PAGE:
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springtime hazards to pets

Updated: Sep 30, 2023


Springtime means Easter, flowers and spring cleaning. That also means new potential hazards to your pets. Here are a few tips to help you keep your home, and your pets' health, in tip-top shape:


easter lily


The Easter Lily (and related Lily plants) are very common this time of years. Although beautiful and fragrant, they are highly toxic to cats, if ingested.

The first signs seen are vomiting and lethargy, and if untreated, may progress to kidney failure or death. Call your veterinarian immediately if you suspect that your cat has eaten any part of a lily plant.


the Bulbs of spring flowers


While outdoors, be mindful of spring bulbs flowers planted in your community. Spring bulbs have a thin, onion-like skin around the bulb that can cause vomiting and diarrhea in cats. The flower or leaves themselves are not toxic and are safe for indoor floral arrangements. The narcissus, however, is even more toxic. If dug up by your dog, the bulb skin of a narcissus can cause diarrhea, vomiting, heart arrhythmia, difficulty breathing or even death, if ingested.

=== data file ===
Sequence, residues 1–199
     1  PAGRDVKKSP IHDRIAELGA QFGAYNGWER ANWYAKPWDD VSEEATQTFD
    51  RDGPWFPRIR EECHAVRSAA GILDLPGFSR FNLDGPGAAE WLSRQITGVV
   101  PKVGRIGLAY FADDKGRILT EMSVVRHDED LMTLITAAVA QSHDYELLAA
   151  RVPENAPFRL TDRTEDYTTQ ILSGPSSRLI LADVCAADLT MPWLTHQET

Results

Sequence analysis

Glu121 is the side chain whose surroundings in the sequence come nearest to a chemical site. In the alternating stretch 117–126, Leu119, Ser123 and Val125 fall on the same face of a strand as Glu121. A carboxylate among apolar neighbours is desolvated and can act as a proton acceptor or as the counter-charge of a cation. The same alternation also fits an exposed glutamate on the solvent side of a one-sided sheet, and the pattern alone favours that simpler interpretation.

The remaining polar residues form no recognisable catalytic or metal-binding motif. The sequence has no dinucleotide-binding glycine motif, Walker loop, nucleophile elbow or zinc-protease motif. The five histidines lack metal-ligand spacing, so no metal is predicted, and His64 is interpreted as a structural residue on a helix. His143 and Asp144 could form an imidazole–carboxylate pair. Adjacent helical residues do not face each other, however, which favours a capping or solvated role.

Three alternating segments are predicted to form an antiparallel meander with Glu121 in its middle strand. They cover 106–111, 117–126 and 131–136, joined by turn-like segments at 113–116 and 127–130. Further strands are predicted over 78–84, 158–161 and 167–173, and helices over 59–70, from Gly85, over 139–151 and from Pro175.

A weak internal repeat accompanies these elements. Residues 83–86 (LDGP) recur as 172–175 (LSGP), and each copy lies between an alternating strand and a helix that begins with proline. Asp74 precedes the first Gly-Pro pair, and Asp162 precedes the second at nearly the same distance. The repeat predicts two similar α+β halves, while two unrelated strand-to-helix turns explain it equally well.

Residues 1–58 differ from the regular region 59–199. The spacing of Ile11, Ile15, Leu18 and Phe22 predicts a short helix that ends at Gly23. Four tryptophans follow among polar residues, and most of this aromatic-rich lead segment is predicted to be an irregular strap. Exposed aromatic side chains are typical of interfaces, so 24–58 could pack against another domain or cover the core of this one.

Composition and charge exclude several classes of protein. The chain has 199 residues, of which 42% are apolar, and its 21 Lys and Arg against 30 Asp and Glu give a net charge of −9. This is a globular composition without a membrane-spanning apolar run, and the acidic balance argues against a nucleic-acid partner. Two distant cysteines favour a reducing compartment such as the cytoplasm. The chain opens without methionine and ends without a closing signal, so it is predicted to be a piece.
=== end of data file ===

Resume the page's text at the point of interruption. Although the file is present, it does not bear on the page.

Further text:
easter grass


Stringy things like Easter grass pose a deadly threat if ingested, creating something called a Linear Foreign Body. The first noticeable signs, aside from the material being visible from the mouth or anus, are vomiting or straining to defecate and a painful abdomen.


IMPORTANT!

Do not try to pull the grass out yourself! This could cause more damage if the piece is long and trapped further inside the body. Call your veterinarian if you suspect your dog or cat has eaten easter grass.


Chocolate


And lastly, the one we all know, chocolate. This is typically more of a dog hazard, but cats may consume chocolate too. The toxic components in chocolate are theobromine and caffeine. Different types of chocolate have different amounts, which effects their toxicity levels. Dark chocolate contains the highest concentrations and white "chocolate" contains the least amount. Early clinical signs are vomiting, diarrhea and trembling. Contact your vet if you suspect your pet has eaten chocolate.


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